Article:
Landscape, light, and memory are carved into Chaouki Choukini’s sculpture.
Using the French word for place, lieu, Choukini visually describes metaphysical landscapes. “These are not real places, but places where man has vanished.
There are traces that man was here and has left. It is such ideas that I always try to represent with my sculpture.”
Choukini’s use of light creates a sense of buoyancy to his substantial forms. Whether recalling the human figure or the natural environment, light, in many ways, is an additional medium within the work.
This is a deliberate choice, as he says, “I open windows to let light go across the sculpture.”
For Yasmin Atassi, the director of the Green Art Gallery, this is one of the many appealing features of Choukini’s work.
The Dubai-based gallery will feature his sculpture at this year’s Dallas Art Fair. Atassi says, “The artist masterfully plays with the light within the space of abstract forms, creating a delicately balanced dance which can be seen in each sculpture.” Embedded in all of the work is the human figure.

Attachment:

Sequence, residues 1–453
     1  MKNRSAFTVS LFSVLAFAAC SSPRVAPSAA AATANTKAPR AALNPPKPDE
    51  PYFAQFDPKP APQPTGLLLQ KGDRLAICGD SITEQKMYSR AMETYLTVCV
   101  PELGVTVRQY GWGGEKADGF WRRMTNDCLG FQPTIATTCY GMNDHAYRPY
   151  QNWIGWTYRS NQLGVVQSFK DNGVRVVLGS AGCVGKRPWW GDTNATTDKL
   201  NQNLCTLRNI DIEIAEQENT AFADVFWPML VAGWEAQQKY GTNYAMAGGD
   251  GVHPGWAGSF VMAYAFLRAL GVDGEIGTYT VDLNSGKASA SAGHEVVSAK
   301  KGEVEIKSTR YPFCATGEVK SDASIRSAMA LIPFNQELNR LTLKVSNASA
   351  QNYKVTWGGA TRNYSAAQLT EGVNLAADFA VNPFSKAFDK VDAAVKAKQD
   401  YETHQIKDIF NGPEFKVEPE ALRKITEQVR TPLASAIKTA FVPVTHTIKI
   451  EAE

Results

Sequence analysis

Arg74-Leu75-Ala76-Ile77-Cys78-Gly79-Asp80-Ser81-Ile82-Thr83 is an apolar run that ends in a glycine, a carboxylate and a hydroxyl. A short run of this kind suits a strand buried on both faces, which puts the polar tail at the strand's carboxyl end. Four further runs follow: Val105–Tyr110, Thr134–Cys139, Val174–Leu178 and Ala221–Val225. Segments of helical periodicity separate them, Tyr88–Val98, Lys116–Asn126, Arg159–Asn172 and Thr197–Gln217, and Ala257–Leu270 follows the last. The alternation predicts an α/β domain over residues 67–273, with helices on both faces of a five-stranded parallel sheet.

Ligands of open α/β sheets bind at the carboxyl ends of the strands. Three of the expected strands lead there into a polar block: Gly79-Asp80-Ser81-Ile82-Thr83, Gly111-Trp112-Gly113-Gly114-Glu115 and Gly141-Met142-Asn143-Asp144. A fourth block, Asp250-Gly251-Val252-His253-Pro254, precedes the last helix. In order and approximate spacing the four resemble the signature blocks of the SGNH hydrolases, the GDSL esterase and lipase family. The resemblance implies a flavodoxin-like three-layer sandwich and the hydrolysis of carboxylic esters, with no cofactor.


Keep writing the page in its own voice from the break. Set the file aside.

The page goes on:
Often, Choukini recounts, “Man is hidden inside the sculpture, without regards to anatomy or proportions.” The use of a thin wooden cord is another hallmark of Choukini’s work.
Breaking the mold This cord, whether horizontal or vertical, provides a sense of tension to his elongated poetic forms.
For him, “It is like a ray of light.” Choukini moved to France from his native Lebanon in 1967.
He studied in Paris, graduating from the École nationale supérieure des Beaux-Arts,
where the curriculum included sculpting from live models.
“I soon left models and began to work with my imagination and geometric forms,” he recalls. His interest, however, remains rooted within tradition.
“I want to do something new to connect to my experience, to my thoughts, but I respect all the grand sculptors,” he says.
His combined love of the Lebanese landscape with the French academic sculptural tradition results in an artistic oeuvre that is uniquely his own.
His introduction to Fumio Otani, a Japanese sculptor living in Paris, enriched Choukini’s academic training. “He made me love working in wood.
He worked with Japanese tools and Japanese techniques of working in wood,” Choukini says.
Choukini’s favored use of African woods such as Wenge and Iroko allows him to work on a large scale.
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